Q: How do you fund these collection operations?

In 2019 the Indonesian Ministry of Environment and Forestry published their decree’ Road Waste Map by Producer’, which is a start towards an Extended Producer Responsibility system.

Based on that decree, our team was financially supported by a sizeable Indonesian brand owner to develop our collection system on Komodo Island. Hence, we named our approach the ‘Komodo Model‘.

Then, the local district government gave us an obsolete building, where we opened our sorting center.

After the first year, a foundation supported our activity in the long term, and as a result, we have expanded to more islands.

Q: What is the total quantity of plastic waste in Indonesia?

The data I’m sharing is a compilation of various reports (3) (4).

Indonesia generates approximately 42 million tons of municipal waste and 7.8 million tons of plastic waste annually, of which 4.9 million tons are mismanaged — e.g., uncollected, disposed of in open dumpsites, or leaked from formal unsanitary landfills.

Rural and remote communities (RRCs) near shorelines and inland – alongside rivers- contribute to marine pollution.

Due to limited waste collection systems, rural areas generate the most significant amounts of mismanaged plastic waste.

Despite having roughly, the same population as urban areas, rural areas generate two-thirds (3.5 million tons per year) of the mismanaged plastic waste in Indonesia.

85% of plastic waste in rural areas remains uncollected.

Besides, 70% of the 271 million Indonesians live near a shoreline.

We estimate that roughly 60 kton / year of plastic waste ends up in the marine environment from waste disposed of in the coastal zone and small islands.

Q: What is the actual capacity of recycling factories in Java?

I do not know their maximum capacity; however, they can process more.

Due to the lack of collection, the mechanical recycling factories in Java need more feedstock from inside Indonesia. Our recycling partner (5) on Java has high-tech facilities, like European factories, running 24/7 with a constant flow of recyclables.

Q: Is it feasible to have more facilities across the country?

It is not cost-effective to have such facilities in Flores and other remote regions simply because there would need to be more feedstock to operate such a costly operation.

Q: How do recycling factories manage non-recyclable waste and plastic? 

Recycling factories don’t manage non-recyclable materials: what cannot be recycled is landfilled in mostly non-sanitary landfills. Then, once full, a new dump is opened.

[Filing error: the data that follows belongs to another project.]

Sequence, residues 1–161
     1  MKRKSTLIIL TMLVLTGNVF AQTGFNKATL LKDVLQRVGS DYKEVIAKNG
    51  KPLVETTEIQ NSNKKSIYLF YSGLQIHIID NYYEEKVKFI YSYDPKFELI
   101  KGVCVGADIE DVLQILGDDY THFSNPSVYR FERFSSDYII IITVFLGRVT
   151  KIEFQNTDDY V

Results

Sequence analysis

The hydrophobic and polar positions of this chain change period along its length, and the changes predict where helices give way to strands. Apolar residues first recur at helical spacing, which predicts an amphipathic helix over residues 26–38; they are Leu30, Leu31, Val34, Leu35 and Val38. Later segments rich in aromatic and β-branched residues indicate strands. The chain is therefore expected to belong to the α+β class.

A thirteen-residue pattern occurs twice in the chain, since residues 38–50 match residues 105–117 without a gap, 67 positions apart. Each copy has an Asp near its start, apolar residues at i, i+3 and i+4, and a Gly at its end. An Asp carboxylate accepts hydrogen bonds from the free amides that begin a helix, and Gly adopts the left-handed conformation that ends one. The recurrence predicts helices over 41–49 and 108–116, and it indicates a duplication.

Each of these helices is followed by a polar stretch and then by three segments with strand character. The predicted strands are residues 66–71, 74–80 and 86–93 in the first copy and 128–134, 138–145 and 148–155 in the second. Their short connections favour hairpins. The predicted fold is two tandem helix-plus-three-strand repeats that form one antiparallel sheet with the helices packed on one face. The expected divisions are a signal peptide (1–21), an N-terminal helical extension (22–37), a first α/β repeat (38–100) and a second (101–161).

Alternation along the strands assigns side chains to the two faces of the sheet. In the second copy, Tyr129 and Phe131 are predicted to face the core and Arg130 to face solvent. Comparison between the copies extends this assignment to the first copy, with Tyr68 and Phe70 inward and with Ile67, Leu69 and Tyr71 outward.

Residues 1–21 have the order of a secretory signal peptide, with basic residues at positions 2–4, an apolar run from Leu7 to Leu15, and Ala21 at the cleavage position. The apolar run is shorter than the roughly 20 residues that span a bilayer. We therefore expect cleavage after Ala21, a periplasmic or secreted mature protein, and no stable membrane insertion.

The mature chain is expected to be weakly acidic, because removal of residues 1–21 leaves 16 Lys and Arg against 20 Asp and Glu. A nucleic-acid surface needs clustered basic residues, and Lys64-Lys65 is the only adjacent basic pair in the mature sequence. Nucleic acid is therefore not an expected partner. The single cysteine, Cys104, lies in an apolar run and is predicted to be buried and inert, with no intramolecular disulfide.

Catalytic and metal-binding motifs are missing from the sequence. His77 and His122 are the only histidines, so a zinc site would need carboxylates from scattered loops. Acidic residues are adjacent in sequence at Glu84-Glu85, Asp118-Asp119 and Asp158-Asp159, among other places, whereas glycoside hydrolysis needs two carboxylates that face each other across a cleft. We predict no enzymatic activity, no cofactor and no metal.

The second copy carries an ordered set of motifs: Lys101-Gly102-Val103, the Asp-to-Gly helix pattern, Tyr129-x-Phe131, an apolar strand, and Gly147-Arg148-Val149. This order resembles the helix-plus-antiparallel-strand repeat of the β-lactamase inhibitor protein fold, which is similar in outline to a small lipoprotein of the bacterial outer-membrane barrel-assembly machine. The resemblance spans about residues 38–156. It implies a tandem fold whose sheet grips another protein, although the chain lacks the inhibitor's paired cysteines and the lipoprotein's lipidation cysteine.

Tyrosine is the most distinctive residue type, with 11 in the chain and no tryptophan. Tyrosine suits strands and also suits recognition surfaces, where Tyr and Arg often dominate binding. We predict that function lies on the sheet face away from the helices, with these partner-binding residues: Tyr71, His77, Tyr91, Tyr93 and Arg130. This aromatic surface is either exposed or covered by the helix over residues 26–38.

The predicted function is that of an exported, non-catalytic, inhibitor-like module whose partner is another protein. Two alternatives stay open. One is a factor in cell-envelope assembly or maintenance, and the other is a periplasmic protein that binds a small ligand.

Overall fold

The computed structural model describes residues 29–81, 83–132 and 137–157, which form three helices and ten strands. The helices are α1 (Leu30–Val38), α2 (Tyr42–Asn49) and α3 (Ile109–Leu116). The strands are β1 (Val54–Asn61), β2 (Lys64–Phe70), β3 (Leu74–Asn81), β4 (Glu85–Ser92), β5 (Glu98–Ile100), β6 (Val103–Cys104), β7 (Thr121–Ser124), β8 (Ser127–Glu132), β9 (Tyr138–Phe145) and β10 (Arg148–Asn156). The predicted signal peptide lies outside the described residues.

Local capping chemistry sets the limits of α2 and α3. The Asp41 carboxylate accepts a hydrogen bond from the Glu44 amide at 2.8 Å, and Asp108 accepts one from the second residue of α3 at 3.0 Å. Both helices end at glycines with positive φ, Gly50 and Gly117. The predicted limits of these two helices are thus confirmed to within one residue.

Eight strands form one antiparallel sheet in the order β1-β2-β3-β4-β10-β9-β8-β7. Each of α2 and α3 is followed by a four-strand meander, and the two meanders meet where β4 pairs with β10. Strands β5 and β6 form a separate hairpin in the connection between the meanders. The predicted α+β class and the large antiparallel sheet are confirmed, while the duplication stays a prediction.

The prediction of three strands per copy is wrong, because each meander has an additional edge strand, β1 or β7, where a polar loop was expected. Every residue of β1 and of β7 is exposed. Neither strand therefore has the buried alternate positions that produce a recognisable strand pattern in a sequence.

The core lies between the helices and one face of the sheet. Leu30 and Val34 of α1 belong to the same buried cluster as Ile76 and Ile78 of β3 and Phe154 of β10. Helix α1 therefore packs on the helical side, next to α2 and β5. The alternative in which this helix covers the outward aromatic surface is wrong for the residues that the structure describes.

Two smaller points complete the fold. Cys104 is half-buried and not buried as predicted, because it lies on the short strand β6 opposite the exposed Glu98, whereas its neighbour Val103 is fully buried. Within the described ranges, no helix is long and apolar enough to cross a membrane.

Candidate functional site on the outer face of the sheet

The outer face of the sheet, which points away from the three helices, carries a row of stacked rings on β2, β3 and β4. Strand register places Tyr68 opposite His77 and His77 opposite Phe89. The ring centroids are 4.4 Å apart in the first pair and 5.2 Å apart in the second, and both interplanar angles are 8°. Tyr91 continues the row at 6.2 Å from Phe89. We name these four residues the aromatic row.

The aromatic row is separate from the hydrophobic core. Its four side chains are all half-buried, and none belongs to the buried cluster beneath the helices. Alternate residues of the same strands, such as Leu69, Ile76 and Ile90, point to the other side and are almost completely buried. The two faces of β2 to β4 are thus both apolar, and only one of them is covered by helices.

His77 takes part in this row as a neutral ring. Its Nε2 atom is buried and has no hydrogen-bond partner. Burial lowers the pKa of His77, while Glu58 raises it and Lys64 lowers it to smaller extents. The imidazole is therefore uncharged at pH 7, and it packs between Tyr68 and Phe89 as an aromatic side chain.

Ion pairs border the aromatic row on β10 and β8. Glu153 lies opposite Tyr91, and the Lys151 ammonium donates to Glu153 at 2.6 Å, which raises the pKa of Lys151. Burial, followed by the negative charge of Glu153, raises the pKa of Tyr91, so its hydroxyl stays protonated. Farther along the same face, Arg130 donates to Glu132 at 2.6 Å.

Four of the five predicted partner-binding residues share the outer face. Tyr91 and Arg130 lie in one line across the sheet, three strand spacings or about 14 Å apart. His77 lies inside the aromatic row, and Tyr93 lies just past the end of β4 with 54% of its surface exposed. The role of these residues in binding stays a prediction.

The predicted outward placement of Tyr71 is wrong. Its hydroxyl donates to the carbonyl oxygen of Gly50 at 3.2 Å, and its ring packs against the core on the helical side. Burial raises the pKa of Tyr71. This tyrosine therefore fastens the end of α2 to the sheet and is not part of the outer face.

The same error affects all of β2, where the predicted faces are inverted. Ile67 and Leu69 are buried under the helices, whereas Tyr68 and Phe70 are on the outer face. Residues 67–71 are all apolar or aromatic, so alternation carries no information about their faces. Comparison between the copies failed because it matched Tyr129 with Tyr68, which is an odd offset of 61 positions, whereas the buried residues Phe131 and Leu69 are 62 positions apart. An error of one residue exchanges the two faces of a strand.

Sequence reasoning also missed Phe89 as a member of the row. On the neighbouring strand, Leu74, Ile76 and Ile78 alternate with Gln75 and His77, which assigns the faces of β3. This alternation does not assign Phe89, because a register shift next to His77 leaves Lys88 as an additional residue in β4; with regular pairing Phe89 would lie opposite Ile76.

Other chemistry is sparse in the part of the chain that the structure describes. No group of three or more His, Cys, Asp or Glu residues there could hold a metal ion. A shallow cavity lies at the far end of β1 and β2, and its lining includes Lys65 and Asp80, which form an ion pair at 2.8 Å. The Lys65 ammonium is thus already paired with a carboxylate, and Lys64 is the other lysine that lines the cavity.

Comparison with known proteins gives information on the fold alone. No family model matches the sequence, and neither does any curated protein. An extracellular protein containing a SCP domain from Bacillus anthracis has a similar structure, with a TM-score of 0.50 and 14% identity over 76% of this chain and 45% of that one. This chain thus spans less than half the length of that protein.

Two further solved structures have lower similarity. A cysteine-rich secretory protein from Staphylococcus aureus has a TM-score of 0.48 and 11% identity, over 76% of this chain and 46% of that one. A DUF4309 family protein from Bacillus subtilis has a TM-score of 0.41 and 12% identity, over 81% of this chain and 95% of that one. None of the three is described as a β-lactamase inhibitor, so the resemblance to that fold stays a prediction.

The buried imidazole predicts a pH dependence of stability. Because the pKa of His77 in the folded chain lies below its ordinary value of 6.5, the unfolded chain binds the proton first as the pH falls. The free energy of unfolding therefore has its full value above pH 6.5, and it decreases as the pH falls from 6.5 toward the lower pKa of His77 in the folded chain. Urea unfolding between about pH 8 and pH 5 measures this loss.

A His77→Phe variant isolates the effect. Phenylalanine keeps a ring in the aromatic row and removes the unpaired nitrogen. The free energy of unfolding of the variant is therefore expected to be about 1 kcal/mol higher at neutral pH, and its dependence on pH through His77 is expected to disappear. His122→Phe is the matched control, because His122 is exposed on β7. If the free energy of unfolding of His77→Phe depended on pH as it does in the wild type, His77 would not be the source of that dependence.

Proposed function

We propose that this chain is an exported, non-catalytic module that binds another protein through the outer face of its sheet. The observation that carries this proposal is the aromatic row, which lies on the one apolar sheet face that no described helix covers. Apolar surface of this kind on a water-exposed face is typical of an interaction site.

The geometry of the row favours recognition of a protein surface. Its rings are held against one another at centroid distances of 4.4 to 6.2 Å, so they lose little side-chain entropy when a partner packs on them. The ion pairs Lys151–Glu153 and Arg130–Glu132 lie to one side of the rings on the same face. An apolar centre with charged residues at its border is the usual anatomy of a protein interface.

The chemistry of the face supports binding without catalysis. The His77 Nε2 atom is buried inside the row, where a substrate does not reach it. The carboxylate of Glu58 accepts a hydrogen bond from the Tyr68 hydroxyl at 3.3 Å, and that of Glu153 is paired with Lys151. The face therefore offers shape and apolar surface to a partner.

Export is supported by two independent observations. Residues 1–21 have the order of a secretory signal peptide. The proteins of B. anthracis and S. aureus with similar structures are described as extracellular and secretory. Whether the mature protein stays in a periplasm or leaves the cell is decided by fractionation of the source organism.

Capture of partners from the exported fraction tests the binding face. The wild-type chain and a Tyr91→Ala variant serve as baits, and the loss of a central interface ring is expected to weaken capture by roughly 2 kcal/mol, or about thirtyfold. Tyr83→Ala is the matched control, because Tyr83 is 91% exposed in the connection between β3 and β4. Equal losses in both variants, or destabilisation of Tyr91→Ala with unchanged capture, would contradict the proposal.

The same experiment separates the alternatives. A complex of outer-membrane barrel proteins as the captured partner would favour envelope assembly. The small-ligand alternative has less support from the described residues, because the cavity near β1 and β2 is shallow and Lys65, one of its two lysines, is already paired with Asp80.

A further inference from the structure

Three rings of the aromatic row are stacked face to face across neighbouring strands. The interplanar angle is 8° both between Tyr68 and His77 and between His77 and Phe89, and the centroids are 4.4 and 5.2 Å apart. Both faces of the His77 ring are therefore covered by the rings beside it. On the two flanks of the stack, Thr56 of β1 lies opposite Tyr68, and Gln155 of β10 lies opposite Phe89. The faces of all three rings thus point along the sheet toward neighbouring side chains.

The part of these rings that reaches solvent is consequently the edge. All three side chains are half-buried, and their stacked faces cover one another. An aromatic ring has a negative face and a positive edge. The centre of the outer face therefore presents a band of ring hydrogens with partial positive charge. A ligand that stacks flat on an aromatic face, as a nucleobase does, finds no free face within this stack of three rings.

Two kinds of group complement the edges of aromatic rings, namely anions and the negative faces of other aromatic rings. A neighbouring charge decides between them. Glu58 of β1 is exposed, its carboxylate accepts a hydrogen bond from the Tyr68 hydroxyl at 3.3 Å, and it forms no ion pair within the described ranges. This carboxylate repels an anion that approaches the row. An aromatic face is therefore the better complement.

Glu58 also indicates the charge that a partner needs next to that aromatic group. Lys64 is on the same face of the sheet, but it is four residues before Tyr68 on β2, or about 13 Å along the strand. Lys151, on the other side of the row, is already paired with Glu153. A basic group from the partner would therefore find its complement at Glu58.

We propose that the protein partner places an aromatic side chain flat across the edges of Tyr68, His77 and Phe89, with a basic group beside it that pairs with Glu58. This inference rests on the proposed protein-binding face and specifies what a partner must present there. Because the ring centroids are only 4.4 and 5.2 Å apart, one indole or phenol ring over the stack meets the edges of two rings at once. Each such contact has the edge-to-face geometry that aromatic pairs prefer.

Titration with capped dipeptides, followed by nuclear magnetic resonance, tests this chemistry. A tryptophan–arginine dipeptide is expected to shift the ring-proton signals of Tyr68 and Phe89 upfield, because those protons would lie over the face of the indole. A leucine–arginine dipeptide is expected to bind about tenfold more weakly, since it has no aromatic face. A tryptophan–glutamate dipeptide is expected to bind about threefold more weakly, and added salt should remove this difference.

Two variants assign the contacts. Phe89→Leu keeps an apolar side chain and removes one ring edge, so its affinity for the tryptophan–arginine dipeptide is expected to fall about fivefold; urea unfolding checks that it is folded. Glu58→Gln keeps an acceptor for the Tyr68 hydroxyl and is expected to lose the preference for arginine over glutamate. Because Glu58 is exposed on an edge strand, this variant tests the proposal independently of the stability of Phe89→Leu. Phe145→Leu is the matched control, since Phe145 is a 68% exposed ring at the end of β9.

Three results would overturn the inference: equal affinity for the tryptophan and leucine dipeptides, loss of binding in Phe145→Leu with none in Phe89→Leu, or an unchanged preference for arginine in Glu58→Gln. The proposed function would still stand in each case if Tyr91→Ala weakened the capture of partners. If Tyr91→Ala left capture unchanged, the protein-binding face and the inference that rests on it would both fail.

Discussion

Q: Do you know any solution for non-recyclable plastic?

Refuse Derived Fuel” (RDF) production is presented as a solution to non-recyclable waste, but in reality, it is not. This solution consists in producing pellets from plastic non-recyclable waste. Then, these RDF pellets are used as an energy source in kilns of cement factories. Several environmental organizations, including IPEN (6), have published their concerns about this way of disposing of plastics.

Q: To conclude, what do you recommend other countries do to manage their plastic waste?

First, to focus on advancing waste and climate literacy programs. The young generation needs to be empowered to drive change to mitigate the plastic and climate crises, which are totally linked in many ways. Empowered youth are our hope, and at the same time, their future is at stake.

Second, we all need together to counter the strong lobby of the petrochemical sector and its related industries. They are organized and powerful internationally, while the rest of the global community is not.

Then, we need a thriving recycling sector and functioning collection systems to prevent the leakage of plastics into the environment. We all know how ecosystems are degrading while we speak and how plastic and waste pollution impact all life on this planet.

However, on top of recycling, I recommend primarily focusing on advancing the reuse economy and alternative delivery models. The norm of single-use needs to change because ‘normal is over’. Our consumption patterns need to change too.

Finally, I recommend reading our work. Together with our sister networks, we provide an overview of everything we do, including environmental education (7).

We share our Komodo Model and experiences to help others do the same in other locations. They can adapt our model to the local situation.

We advise them to collaborate with the local multi-sector stakeholder network. That collaboration is crucial because organizations can only be successful with the support of and cooperation with local government, local leaders, schools, women’s groups, local business community!